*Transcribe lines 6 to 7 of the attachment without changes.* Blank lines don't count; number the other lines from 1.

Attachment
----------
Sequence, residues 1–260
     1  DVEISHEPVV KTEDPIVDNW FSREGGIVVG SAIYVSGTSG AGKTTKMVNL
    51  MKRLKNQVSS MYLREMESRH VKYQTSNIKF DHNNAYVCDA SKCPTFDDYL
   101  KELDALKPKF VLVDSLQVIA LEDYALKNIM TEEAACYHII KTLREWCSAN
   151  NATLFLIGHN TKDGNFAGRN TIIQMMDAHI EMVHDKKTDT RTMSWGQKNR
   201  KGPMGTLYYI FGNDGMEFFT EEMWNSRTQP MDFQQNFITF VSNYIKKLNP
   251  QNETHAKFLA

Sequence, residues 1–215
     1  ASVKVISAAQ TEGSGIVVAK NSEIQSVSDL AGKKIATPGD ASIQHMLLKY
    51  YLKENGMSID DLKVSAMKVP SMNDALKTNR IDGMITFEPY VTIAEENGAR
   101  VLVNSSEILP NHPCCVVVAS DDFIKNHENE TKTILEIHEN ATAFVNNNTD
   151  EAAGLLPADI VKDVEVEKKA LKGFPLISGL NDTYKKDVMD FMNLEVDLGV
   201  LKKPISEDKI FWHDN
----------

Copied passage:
   201  KGPMGTLYYI FGNDGMEFFT EEMWNSRTQP MDFQQNFITF VSNYIKKLNP
   251  QNETHAKFLA